First Report of Tomato Brown Rugose Fruit Virus Infecting Greenhouse Tomato in the United States
- K.-S. Ling1 †
- T. Tian2
- S. Gurung3
- R. Salati4
- A. Gilliard1
- 1U.S. Vegetable Laboratory, USDA-Agricultural Research Service, Charleston, SC 29414
- 2California Department of Food and Agriculture, Sacramento, CA 95832
- 3Sakata Seed America, Salinas, CA 93907
- 4Eurofins BioDiagnostics, Gilroy, CA 95020
Tomato (Solanum lycopersicum L.), an important vegetable widely grown in the world, is susceptible to a number of emerging viruses. In September 2018, a severe disease outbreak, including mosaic, mottling, and plant stunting was observed on grafted tomato plants in a greenhouse (∼8 acres) in southern California, U.S.A. Initial screening of one symptomatic sample was positive for pepino mosaic virus (PepMV) and tomato mosaic virus (ToMV) using enzyme-linked immunosorbent assay (ELISA). Two types of particles, including flexuous potexvirus-like and rigid tobamovirus-like, were observed under an electron microscope. However, reverse transcription polymerase chain reaction (RT-PCR) tests using primers that are specific to ToMV and tomato mottle mosaic virus (ToMMV) (Sui et al. 2017) were negative. We suspected an involvement of tomato brown rugose fruit virus (ToBRFV) (Luria et al. 2017; Salem et al. 2016). A new set of primers specific to ToBRFV was designed and validated to have no cross-reaction to ToMV and ToMMV. Using this primer set, ToBRFV-F (5503), 5′-GAAGTCCCGATGTCTGTAAGG-3′, and ToBRFV-R (6344), 5′-GTGCCTACGGATGTGTATGA-3′, an expected PCR product (842 bp) was amplified and sequenced from this first sample but not from a healthy control. In a follow-up survey, 20 additional symptomatic samples were tested and shown to be all positive for PepMV using ELISA or qRT-PCR (Ling et al. 2007), and 14 of the same 20 samples were also positive for ToBRFV using RT-PCR. Sanger sequencing of seven amplicons generated a consensus 799-bp sequence after primer trimming, designated as isolate ToBRFV-US (accession no. MK109002). A BLASTn search of the NCBI database revealed 99.6% sequence identity to two other ToBRFV isolates from Jordan (KT383474; Salem et al. 2016) and Israel (KX619418; Luria et al. 2017). In pathogenicity assays, four tomato ‘Moneymaker’ seedlings (susceptible to tobamoviruses) were mechanically inoculated with an inoculum prepared from the first positive sample, and similar symptoms were visible. The target pathogen, ToBRFV, was confirmed on the inoculated plants using RT-PCR and amplicon sequencing. In a separate survey in October 2018, a disease outbreak was also observed on tomato in a greenhouse facility in Baja California, Mexico. An extensive crop health screen using ELISA tests to a panel of 19 common tomato viruses, as well as appropriate RT-PCR tests, were conducted on 14 collected samples. A mixed infection of multiple viruses was identified. In addition to common infection by PepMV, seven of 14 samples were also positive for tomato spotted wilt virus. Weak positives were observed for tobacco mosaic virus or ToMV when tested by ELISA. However, when using genus-specific primers for tobamoviruses (Tob-Uni1 and Tob-Uni2) (Letschert et al. 2002), amplicon sequencing revealed the presence of ToBRFV in both Californian and Mexican samples, with no mixed infection by any other tobamoviruses. Using the ToBRFV-specific primers, amplicon sequences from 14 Mexican samples resulted in a consensus sequence, designated as isolate ToBRFV-MX (accession no. MK109003). The two sequences of ToBRFV-US and ToBRFV-MX isolates were similar (99.6% sequence identity). Identification of the first ToBRFV outbreaks in the United States and Mexico, as well as its ability to break the Tm-22 resistance (Luria et al. 2017), raises a serious concern for the tomato industry. How ToBRFV was introduced to the United States and/or Mexico has not been determined. Eradication efforts are underway in both countries to contain and control these disease outbreaks.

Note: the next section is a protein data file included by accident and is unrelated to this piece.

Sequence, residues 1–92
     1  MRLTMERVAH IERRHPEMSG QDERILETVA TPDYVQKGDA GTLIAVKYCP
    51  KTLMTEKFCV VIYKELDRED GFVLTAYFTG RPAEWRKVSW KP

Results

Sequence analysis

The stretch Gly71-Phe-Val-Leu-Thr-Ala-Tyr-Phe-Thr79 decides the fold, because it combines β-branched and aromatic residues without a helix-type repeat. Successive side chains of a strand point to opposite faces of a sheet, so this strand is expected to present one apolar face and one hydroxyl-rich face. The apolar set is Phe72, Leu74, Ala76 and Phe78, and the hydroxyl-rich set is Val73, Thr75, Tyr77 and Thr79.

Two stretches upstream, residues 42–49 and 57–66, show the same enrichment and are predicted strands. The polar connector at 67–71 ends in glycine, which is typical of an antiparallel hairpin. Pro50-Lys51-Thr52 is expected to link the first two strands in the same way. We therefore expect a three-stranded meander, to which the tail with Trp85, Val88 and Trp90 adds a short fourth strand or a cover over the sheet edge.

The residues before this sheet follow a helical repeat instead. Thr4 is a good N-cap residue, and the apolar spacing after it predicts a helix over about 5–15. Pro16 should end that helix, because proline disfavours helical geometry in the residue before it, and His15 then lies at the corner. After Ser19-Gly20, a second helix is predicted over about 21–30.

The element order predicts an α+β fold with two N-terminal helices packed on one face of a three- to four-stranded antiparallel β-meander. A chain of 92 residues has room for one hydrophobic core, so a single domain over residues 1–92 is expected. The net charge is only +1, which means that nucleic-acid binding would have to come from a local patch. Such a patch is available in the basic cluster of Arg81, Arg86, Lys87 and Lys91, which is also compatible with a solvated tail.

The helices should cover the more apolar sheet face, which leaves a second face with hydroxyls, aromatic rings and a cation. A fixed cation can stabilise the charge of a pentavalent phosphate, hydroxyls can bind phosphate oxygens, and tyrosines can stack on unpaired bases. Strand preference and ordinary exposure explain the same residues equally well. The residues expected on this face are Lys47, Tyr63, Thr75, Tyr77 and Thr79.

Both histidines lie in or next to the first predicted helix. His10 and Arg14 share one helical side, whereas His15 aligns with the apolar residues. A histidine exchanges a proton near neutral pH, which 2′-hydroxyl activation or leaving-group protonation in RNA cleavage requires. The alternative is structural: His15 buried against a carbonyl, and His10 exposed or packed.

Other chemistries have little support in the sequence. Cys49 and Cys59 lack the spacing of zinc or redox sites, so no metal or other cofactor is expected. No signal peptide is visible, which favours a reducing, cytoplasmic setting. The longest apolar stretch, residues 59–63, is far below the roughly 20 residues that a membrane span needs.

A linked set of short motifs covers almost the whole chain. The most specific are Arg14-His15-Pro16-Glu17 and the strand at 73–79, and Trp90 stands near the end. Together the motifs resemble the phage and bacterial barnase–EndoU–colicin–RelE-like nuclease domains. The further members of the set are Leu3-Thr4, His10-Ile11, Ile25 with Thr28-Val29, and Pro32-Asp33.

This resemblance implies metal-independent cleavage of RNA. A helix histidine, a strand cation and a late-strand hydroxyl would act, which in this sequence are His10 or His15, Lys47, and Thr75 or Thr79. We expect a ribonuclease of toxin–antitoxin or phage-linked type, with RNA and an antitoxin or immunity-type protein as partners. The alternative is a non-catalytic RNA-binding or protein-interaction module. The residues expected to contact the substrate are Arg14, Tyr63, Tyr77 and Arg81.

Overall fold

The author(s) declare no conflict of interest.
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